Software Takes Command (International Texts in Critical Media Aesthetics)
Format: PDF / Kindle (mobi) / ePub
Software has replaced a diverse array of physical, mechanical, and electronic technologies used before 21st century to create, store, distribute and interact with cultural artifacts. It has become our interface to the world, to others, to our memory and our imagination - a universal language through which the world speaks, and a universal engine on which the world runs. What electricity and combustion engine were to the early 20th century, software is to the early 21st century. Offering the the first theoretical and historical account of software for media authoring and its effects on the practice and the very concept of 'media,' the author of The Language of New Media (2001) develops his own theory for this rapidly-growing, always-changing field.
What was the thinking and motivations of people who in the 1960 and 1970s created concepts and practical techniques that underlie contemporary media software such as Photoshop, Illustrator, Maya, Final Cut and After Effects? How do their interfaces and tools shape the visual aesthetics of contemporary media and design? What happens to the idea of a 'medium' after previously media-specific tools have been simulated and extended in software? Is it still meaningful to talk about different mediums at all? Lev Manovich answers these questions and supports his theoretical arguments by detailed analysis of key media applications such as Photoshop and After Effects, popular web services such as Google Earth, and the projects in motion graphics, interactive environments, graphic design and architecture. Software Takes Command is a must for all practicing designers and media artists and scholars concerned with contemporary media.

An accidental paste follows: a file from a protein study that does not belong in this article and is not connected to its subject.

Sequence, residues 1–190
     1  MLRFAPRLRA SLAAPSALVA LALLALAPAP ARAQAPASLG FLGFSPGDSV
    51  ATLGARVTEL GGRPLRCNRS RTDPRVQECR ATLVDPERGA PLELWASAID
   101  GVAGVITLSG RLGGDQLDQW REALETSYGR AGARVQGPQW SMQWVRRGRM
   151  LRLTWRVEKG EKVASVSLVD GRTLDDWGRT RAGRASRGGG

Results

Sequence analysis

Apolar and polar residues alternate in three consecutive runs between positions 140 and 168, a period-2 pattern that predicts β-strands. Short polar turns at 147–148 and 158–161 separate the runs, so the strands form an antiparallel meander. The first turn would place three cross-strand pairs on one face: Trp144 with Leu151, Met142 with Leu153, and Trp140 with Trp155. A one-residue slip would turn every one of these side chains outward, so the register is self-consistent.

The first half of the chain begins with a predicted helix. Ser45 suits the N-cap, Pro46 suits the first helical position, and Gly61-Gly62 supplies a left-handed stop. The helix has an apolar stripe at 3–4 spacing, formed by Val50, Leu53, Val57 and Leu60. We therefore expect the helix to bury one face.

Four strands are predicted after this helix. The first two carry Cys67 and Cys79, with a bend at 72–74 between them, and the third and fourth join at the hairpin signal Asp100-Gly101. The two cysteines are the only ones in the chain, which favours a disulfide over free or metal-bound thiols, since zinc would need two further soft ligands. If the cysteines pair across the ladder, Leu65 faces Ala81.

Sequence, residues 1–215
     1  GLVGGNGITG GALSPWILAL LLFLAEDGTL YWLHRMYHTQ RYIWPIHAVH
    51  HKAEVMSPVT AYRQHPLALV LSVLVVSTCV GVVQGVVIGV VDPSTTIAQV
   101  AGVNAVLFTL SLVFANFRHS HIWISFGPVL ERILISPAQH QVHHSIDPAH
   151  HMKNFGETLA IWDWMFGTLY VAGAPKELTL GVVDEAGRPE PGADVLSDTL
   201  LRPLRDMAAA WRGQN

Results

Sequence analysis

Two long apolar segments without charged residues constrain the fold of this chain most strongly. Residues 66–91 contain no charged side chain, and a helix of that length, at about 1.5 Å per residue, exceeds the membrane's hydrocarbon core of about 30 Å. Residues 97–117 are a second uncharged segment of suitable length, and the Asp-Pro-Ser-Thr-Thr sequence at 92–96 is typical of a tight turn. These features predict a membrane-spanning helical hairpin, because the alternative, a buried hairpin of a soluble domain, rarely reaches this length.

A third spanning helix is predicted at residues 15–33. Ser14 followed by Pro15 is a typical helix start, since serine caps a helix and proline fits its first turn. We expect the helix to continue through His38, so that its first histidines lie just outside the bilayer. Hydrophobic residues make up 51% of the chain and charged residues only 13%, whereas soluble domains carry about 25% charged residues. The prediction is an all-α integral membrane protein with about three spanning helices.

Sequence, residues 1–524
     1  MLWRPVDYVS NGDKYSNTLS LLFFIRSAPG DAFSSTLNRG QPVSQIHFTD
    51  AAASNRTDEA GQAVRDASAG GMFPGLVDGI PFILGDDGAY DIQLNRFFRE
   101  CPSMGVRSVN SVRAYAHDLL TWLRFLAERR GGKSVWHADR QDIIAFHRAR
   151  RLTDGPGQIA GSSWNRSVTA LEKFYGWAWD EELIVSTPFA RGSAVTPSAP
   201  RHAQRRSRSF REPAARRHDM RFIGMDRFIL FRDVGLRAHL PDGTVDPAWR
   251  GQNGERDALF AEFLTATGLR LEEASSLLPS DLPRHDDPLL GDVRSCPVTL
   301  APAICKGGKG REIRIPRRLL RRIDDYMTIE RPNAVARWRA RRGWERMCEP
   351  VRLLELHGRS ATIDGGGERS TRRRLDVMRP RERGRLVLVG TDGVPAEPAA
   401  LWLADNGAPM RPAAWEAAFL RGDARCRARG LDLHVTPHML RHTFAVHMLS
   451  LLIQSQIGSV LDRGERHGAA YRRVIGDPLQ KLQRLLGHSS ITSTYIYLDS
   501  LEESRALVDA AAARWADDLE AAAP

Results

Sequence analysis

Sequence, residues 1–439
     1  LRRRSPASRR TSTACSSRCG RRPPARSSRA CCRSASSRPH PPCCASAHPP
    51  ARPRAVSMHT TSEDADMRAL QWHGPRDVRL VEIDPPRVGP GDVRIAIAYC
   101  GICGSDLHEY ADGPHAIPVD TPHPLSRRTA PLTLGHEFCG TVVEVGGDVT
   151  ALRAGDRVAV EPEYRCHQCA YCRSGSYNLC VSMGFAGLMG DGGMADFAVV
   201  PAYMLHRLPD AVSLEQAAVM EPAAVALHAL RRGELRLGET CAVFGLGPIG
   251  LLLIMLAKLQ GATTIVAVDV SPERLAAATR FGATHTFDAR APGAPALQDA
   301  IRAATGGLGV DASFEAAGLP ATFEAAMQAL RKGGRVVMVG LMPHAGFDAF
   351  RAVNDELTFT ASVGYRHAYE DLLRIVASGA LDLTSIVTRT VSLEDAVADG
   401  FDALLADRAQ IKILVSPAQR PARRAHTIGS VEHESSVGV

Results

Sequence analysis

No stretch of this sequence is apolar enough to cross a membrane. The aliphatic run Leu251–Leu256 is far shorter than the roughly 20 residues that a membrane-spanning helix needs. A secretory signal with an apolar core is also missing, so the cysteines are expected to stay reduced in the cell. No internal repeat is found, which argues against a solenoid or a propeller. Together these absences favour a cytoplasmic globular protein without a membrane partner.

Google Search whenever you use this service; clicking the “+1” button on Google+ or the “Like” button on Facebook; using the “retweet” function on Twitter). Developing software tools and services that support all these activities (for instance, programming a library for Processing that enables sending and receiving data over the Internet;20 writing a new plugin for Photoshop, creating a new theme for WordPress). Technically, this software may be implemented in a variety of ways. Popular
were democratized enough, many creative people started to focus on creating these new structures and techniques rather than using the existing ones to make “content.” Since the end of 2000, extending the computer metamedium by writing new software, plugins, programming libraries and other tools became the new cutting-edge type of cultural activity – giving a new meaning to McLuhan’s famous formula “the medium is the message.” Today a typical article in computer science or information science
Smith added “‘not paint’ that reversed the color of every pixel under the paintbrush to its color complement.” He also defined ‘smear paint’ that averaged the colors in the neighborhood of each pixel under the brush and wrote the result back into the pixel.” And so on. Thus, the instances where the paintbrush tool behaved more like a real physical paintbrush were just particular cases of a much larger universe of new behaviors made possible in a new medium. The permanent extendibility As we saw,
conventions of media software applications are not the result of a technological change from “analog” to “digital” media. The shift to digital enables the development of media software—but it does not constrain the directions in which it already evolved and continues to evolve. They are the result of intellectual ideas conceived by the pioneers working in larger labs, the actual products created by software companies and open source communities, the cultural and social processes set up when many
voltage levels controlling the display. Or, in another example, when we design an object to be printed on a 3D printer, an analog representation on the screen is translated by a computer into a digital file that then drives the analog signals controlling the printer. The two levels of encoding—first, a sampling of a continuous analog signal to create its representation using a scale of discrete numbers (for example, 256 levels commonly used to represent grey tones in images), followed by a